Kiba is awful. Even Omamori Himari was made with some kind of heart behind it, but Kiba is pure, black-hearted commercialism. Nothing about the character design or writing or animation of the show seems to have any love behind it at all. I know this is hard to explain, let alone quantify, but anime is kind of like food. You can tell when a chef put some love into a dish. You can tell when animators put blood, sweat and tears into their work.
The pacing in the first six episodes is totally screwed up. Zed gets involved with a plot in the fantasy kingdom, then enters a dueling tournament which is abruptly interrupted to follow his friend Noah's story. Noah was also transported to the fantasy world, but in another location.
Ever see the 8th episode of Star Trek: The Next Generation where Wesley steps on some flowers in a garden and faces the death penalty on a supposedly utopian world? Noah's story arc is exactly like that, which is to say it is annoying and preachy for all the same reasons.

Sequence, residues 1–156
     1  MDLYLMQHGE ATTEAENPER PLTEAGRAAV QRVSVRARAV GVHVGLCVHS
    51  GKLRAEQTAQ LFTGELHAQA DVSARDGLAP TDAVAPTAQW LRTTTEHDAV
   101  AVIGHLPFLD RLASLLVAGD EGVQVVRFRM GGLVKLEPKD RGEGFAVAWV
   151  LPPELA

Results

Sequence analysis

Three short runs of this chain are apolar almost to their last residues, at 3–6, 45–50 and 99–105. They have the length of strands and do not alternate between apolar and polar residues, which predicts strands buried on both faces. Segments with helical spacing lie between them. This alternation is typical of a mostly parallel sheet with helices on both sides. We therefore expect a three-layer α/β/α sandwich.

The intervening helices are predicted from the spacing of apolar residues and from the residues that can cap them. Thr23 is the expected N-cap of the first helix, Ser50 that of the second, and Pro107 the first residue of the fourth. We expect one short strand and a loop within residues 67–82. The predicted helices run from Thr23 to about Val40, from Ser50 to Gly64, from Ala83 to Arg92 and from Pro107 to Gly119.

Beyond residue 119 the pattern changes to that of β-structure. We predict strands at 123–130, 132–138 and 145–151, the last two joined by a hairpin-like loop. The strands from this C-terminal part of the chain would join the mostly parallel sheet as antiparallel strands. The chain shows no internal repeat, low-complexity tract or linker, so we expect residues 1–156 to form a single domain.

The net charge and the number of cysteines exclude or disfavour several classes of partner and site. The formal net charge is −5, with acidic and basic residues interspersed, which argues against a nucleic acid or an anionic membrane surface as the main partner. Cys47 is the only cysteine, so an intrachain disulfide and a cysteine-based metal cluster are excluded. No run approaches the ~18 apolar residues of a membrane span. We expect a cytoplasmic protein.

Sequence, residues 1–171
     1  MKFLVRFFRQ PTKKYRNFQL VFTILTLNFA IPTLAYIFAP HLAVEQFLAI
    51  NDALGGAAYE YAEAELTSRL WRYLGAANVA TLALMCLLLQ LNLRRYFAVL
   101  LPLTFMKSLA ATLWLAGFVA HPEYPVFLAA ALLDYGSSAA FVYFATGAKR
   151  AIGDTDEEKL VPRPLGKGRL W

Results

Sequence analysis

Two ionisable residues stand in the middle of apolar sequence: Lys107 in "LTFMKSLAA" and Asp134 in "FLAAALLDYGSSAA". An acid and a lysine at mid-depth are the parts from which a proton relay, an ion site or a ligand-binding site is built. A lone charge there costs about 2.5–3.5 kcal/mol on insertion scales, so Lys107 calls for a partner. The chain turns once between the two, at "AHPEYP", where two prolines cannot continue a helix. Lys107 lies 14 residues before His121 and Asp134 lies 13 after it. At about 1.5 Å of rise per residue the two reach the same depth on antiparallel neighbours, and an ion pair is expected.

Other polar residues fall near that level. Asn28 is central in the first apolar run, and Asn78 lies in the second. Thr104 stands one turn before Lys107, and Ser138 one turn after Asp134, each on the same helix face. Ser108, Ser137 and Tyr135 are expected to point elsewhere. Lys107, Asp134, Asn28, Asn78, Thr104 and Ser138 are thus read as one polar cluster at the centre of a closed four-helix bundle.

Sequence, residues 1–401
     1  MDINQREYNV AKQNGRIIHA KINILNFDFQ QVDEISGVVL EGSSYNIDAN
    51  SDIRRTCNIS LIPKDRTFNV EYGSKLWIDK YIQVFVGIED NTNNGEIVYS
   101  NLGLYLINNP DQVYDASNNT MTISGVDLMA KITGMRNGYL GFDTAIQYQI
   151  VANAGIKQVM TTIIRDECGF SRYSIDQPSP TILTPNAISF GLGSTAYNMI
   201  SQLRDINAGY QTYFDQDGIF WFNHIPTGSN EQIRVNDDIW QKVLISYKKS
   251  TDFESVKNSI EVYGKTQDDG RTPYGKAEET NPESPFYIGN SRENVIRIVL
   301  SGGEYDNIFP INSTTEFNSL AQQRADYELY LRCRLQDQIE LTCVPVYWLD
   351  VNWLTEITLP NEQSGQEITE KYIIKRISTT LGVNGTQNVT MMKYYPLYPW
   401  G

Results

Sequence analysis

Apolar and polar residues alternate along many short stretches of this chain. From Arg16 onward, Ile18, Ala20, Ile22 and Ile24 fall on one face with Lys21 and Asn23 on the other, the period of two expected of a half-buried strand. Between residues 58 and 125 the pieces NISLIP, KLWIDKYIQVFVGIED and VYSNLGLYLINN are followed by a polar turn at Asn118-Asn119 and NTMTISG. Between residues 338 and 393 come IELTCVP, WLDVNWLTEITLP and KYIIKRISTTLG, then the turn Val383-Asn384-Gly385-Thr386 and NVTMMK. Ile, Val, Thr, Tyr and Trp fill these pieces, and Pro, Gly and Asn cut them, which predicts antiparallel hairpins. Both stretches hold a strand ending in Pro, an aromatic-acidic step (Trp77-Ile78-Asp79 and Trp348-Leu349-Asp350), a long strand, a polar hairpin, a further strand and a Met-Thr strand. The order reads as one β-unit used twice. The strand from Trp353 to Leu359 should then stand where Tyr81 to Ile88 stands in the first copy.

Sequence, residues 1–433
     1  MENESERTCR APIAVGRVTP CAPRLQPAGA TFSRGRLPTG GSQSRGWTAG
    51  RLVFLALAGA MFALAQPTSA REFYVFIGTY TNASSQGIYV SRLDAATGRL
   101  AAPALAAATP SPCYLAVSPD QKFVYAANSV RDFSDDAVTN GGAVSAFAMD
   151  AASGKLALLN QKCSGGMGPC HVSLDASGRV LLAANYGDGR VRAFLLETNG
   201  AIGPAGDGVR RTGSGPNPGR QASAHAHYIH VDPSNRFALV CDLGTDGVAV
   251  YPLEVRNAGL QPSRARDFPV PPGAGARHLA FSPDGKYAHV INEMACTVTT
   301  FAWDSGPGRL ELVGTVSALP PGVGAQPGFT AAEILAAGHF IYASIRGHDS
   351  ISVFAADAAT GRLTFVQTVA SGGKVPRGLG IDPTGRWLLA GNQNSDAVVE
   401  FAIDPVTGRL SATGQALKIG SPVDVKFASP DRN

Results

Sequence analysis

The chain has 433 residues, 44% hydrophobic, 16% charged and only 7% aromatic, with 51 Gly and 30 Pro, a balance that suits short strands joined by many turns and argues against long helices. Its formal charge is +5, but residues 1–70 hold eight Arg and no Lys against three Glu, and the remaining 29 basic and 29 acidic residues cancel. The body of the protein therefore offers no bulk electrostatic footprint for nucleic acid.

The dub is not memorable (which means it was neither remarkably good nor bad). Charles Campbell turns in an amusing performance as Zico, the old man (who shares a name with that coconut water I've been seeing everywhere lately).
What gets me is that all seven discs of Kiba arrived in the mail shortly after the first disc, which either means that I put it way too high in my rental queue or, more likely, nobody else is renting this. I am sending them back immediately.[TOP]
I just got a ton of screeners in the mail, so on October 18th you can look forward to reading about Corpse Princess.
This week's shelves are from mglittlerobin:
"Here's a pic of my small but awesome collection. I started buying two years ago and haven't stopped yet, There's a few more sets I still want to buy and I'm still earning money for it, but these are all my favorites and I love my collection to pieces. I'm kind of a sucker for old Geneon releases. All these animes have a special meaning to me and that's why I bought them. It's not much but it's something."
I love these small collections. They're small, but they have a lot of heart.
Want to show off your stuff? Send your jpgs to shelflife at animenewsnetwork dot com. Thanks!